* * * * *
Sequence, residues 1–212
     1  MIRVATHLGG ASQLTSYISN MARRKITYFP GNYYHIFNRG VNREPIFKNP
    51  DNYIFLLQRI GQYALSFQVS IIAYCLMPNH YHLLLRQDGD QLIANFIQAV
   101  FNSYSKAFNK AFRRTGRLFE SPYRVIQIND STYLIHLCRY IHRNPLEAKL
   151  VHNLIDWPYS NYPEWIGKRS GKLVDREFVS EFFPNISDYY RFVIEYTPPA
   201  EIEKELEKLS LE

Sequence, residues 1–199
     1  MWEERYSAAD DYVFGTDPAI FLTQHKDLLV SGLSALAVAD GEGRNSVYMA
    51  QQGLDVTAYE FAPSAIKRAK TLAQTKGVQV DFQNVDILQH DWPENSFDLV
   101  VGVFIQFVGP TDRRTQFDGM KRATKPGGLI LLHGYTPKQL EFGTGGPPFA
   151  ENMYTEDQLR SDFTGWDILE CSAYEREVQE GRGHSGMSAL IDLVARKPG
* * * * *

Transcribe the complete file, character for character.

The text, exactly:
Sequence, residues 1–212
     1  MIRVATHLGG ASQLTSYISN MARRKITYFP GNYYHIFNRG VNREPIFKNP
    51  DNYIFLLQRI GQYALSFQVS IIAYCLMPNH YHLLLRQDGD QLIANFIQAV
   101  FNSYSKAFNK AFRRTGRLFE SPYRVIQIND STYLIHLCRY IHRNPLEAKL
   151  VHNLIDWPYS NYPEWIGKRS GKLVDREFVS EFFPNISDYY RFVIEYTPPA
   201  EIEKELEKLS LE

Sequence, residues 1–199
     1  MWEERYSAAD DYVFGTDPAI FLTQHKDLLV SGLSALAVAD GEGRNSVYMA
    51  QQGLDVTAYE FAPSAIKRAK TLAQTKGVQV DFQNVDILQH DWPENSFDLV
   101  VGVFIQFVGP TDRRTQFDGM KRATKPGGLI LLHGYTPKQL EFGTGGPPFA
   151  ENMYTEDQLR SDFTGWDILE CSAYEREVQE GRGHSGMSAL IDLVARKPG